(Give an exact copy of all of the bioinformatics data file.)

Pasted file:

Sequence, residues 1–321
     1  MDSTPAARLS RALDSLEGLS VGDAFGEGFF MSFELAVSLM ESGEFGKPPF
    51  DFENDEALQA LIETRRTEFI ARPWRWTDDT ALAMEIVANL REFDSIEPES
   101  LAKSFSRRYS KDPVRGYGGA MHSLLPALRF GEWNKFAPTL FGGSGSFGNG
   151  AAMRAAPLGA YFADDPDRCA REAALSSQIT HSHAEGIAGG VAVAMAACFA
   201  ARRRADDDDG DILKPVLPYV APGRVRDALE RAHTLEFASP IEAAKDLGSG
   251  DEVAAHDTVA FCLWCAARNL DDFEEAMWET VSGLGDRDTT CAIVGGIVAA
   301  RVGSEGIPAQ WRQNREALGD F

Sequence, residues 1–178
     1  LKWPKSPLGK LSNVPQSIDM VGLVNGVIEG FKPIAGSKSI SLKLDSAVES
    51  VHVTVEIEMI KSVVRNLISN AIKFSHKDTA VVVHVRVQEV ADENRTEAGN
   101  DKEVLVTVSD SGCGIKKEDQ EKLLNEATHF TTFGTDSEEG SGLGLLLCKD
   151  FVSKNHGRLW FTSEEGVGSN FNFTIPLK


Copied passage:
Sequence, residues 1–321
     1  MDSTPAARLS RALDSLEGLS VGDAFGEGFF MSFELAVSLM ESGEFGKPPF
    51  DFENDEALQA LIETRRTEFI ARPWRWTDDT ALAMEIVANL REFDSIEPES
   101  LAKSFSRRYS KDPVRGYGGA MHSLLPALRF GEWNKFAPTL FGGSGSFGNG
   151  AAMRAAPLGA YFADDPDRCA REAALSSQIT HSHAEGIAGG VAVAMAACFA
   201  ARRRADDDDG DILKPVLPYV APGRVRDALE RAHTLEFASP IEAAKDLGSG
   251  DEVAAHDTVA FCLWCAARNL DDFEEAMWET VSGLGDRDTT CAIVGGIVAA
   301  RVGSEGIPAQ WRQNREALGD F

Sequence, residues 1–178
     1  LKWPKSPLGK LSNVPQSIDM VGLVNGVIEG FKPIAGSKSI SLKLDSAVES
    51  VHVTVEIEMI KSVVRNLISN AIKFSHKDTA VVVHVRVQEV ADENRTEAGN
   101  DKEVLVTVSD SGCGIKKEDQ EKLLNEATHF TTFGTDSEEG SGLGLLLCKD
   151  FVSKNHGRLW FTSEEGVGSN FNFTIPLK